(e) The State must include a budget that details how it will use grant funds awarded under this competition, and funds from other Federal, State, private, and local sources to achieve the outcomes of the State Plan (as described in selection criterion (A)(4)(a)), and how the State will use funds awarded under this program to—

(1) Achieve its ambitious yet achievable targets for increasing the number and percentage of Early Learning and Development Programs that are participating in the State's Tiered Quality Rating and Improvement System (as described in selection criterion (B)(2)(c)); and

(2) Achieve its ambitious yet achievable targets for increasing the number and percentage of Children with High Needs who are enrolled in Early Learning and Development Programs that are in the top tiers of the State's Tiered Quality Rating and Improvement System (as described in selection criterion (B)(4)(c)).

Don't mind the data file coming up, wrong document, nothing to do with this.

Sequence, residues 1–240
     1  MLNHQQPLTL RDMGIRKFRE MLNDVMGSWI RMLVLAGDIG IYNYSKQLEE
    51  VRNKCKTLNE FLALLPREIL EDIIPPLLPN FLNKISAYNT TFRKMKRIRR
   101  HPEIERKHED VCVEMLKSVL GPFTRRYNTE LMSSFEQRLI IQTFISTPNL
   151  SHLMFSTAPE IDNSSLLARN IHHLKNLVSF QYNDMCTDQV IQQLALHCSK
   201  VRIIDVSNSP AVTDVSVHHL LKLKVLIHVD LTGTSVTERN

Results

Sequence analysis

(f) The State must provide an overall summary for the State Plan and a rationale for why it has chosen to address the selected criteria in each Focused Investment Area, including—

  • How the State's choices build on its progress to date in each Focused Investment Area (as outlined in Tables (A)(1)6-13 and the narrative under (A)(1)); and
  • Why these selected criteria will best achieve the State's ambitious yet achievable goals for improving program quality, improving outcomes for Children with High Needs statewide, and closing the educational gaps between Children with High Needs and their peers.

(g) The State, within each Focused Investment Area, must select and address—

  • Two or more selection criteria within Focused Investment Area (C) Promoting Early Learning and Development Outcomes for Children; and